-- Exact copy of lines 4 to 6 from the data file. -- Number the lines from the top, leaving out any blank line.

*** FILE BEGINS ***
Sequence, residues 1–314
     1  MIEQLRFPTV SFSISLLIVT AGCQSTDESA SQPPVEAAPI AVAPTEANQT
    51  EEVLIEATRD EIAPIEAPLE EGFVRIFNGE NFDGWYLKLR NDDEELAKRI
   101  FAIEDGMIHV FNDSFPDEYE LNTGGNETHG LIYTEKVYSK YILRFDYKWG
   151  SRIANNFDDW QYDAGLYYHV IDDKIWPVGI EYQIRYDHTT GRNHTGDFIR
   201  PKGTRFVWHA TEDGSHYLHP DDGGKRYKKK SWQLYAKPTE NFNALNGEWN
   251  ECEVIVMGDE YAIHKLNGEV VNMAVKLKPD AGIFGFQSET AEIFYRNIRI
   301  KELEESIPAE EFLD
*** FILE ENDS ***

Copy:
   101  FAIEDGMIHV FNDSFPDEYE LNTGGNETHG LIYTEKVYSK YILRFDYKWG
   151  SRIANNFDDW QYDAGLYYHV IDDKIWPVGI EYQIRYDHTT GRNHTGDFIR
   201  PKGTRFVWHA TEDGSHYLHP DDGGKRYKKK SWQLYAKPTE NFNALNGEWN